Browsing: November-December 2010

November-December 2010

Blog Posts

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“THE MOMENTS when notoriety began to transform” the lives of Allen Ginsberg’s friends were the moments—among many others—that Ginsberg chose to capture in this fascinating new addition to our knowledge of the Beat Generation. Earl A. Powell III, director of the National Gallery of Art, wrote the foreword to Beat Memories, the catalog for an exhibit at the National Gallery earlier this year (May 2 to Sept. 6). But they’re much more than just images: each is captioned by what in many cases is a miniature diary entry.

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THOUGHTFUL, deadpan, prolific, and possessing an encyclopedic knowledge of music, Stephin Merritt can be a tough nut to crack when he’s interviewed, whether by me or by filmmakers Kerthy Fix and Gail O’Hara, who spent a decade shooting the documentary Strange Powers: Stephin Merritt and the Magnetic Fields, which takes a long look at the creative processes behind one of America’s most versatile songwriters.

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A LONGTIME resident of Manhattan with a number of solo exhibitions and group shows from New York City to Provincetown, Gerald Mocarsky is a gay photographer whose work embodies a unique sense of queer urban living. Standing apart from a gay photographic world dominated by nude male Adonises, Mocarsky’s work urges the viewer not to salivate but to observe and think about what it means to be gay in the new millennium. Mocarsky works in series, not unlike Cindy Sherman and Jack Pierson: the images are individualistic, but connected by a universal arc of meaning. His two most recent series relate to dance and cosmetics.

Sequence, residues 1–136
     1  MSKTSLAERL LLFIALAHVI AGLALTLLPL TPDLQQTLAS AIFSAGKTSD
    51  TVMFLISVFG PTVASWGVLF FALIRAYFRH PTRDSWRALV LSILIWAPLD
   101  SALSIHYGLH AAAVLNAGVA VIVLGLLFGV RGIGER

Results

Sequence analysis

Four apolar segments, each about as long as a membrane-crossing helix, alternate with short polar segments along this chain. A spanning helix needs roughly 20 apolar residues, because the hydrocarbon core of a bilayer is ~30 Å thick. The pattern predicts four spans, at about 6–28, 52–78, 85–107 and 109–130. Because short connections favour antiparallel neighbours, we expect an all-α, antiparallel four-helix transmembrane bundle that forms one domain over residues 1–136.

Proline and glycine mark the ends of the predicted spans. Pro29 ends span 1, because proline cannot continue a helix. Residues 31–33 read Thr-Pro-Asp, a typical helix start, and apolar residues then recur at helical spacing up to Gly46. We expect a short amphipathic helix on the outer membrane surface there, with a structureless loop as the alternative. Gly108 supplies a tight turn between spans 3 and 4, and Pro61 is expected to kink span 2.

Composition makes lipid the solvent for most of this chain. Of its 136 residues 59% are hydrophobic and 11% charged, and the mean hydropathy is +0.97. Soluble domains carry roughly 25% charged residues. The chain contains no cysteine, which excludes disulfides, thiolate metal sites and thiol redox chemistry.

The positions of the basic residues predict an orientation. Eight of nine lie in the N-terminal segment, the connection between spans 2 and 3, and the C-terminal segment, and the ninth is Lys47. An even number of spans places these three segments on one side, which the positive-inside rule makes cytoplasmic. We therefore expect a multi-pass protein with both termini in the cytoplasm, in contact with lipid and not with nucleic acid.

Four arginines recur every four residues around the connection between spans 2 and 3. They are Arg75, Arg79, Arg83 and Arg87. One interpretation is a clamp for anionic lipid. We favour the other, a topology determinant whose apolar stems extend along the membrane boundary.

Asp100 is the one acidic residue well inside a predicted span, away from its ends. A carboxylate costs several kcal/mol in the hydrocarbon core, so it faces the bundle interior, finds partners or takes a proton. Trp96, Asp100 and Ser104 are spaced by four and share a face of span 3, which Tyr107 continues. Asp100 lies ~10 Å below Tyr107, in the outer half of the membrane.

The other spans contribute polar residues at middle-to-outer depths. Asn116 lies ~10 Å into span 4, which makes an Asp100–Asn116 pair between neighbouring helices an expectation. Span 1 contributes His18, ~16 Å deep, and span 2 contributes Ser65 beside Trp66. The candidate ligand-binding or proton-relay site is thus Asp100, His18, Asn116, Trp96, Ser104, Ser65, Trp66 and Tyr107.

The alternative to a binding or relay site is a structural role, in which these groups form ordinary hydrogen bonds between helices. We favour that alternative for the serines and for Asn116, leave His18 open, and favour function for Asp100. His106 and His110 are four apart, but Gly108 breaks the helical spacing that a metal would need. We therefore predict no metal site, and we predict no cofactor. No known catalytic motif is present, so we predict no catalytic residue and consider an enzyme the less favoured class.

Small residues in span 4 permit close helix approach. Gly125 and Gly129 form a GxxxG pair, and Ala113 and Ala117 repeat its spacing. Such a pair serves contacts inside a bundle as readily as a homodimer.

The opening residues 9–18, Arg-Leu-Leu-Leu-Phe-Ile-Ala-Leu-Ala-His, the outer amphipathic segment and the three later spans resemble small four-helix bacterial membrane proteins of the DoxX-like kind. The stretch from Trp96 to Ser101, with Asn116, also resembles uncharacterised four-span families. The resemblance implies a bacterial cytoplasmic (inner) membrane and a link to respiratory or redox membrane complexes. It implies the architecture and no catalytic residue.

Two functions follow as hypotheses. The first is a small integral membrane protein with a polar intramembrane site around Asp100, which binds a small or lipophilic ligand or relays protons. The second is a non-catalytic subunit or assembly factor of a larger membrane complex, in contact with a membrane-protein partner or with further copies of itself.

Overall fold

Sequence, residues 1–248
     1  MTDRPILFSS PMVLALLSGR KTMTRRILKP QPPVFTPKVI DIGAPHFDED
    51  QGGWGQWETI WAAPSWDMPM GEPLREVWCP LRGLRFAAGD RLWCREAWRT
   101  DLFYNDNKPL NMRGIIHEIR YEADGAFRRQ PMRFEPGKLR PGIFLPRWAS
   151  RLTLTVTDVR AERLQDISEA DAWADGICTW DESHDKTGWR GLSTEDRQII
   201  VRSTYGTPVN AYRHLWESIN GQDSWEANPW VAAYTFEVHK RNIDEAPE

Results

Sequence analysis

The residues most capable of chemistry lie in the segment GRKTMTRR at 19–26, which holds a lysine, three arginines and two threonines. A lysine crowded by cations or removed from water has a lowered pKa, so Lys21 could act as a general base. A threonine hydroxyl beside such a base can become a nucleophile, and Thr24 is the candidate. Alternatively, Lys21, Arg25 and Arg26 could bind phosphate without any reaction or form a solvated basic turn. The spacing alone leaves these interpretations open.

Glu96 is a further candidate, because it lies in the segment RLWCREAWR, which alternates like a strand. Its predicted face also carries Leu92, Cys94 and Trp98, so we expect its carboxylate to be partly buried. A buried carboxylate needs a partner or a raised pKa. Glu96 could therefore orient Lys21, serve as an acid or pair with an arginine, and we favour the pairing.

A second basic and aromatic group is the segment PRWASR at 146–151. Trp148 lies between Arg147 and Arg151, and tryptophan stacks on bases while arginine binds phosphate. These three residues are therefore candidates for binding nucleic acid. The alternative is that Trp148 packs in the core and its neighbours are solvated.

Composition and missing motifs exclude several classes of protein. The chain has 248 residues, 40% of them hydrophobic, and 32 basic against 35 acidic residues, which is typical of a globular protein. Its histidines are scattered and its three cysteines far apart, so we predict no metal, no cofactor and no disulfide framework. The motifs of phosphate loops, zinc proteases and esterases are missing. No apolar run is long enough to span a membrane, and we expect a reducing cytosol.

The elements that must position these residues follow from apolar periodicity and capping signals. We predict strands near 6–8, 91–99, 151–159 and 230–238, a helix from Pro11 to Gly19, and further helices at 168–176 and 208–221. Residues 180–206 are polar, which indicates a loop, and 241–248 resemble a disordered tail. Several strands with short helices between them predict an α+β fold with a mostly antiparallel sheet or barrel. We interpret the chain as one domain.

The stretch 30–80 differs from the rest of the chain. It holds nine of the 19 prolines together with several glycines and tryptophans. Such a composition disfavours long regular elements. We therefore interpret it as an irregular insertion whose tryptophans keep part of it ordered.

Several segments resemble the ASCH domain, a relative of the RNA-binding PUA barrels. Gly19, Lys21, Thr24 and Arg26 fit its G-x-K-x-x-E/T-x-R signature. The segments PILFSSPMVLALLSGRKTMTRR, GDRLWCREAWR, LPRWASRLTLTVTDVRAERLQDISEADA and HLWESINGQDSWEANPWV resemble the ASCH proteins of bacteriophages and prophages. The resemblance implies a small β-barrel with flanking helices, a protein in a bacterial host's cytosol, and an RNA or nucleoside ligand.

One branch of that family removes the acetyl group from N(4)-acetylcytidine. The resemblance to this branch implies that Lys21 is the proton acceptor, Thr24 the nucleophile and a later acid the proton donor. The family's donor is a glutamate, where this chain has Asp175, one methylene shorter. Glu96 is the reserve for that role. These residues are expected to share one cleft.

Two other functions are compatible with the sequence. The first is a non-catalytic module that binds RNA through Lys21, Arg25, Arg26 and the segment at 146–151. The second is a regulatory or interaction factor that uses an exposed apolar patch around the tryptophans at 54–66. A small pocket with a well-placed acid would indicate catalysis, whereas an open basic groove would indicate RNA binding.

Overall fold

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Takes on the news of the day.

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REGULAR visitors to Provincetown may know Larry Collins as the cordial and knowledgeable man behind the counter at Larry Collins Fine Art, the gallery that he’s directed at the West End of Commercial Street since 2004. Browsing through his collection of photographs, paintings, artifacts, and memorabilia—including works by such renowned artists as James Bidgood, Mike Disfarmer, Damien Hirst, and Wilhelm von Glöeden—it quickly becomes clear that Collins’ curatorial scrutiny is sharp, studied, and eclectic.

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Reviews of The Promise of Happiness, Reframing Bodies: AIDS, and Bearing Witness, and the Queer Moving Image.

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EVERYONE’S ACCOUNT of high school is different. For the jocks, it’s a time of tiny triumphs, of touchdowns, and cheerleaders. For punks and goths, it’s the age of rebellion, while for nerds and other pariahs, high school is a penitentiary of social embarrassment. “High school is a caste system,” declares cheerleading coach Sue Sylvester (played by Emmy-winner Jane Lynch) on Glee, the hit television series now in its second season on Fox.

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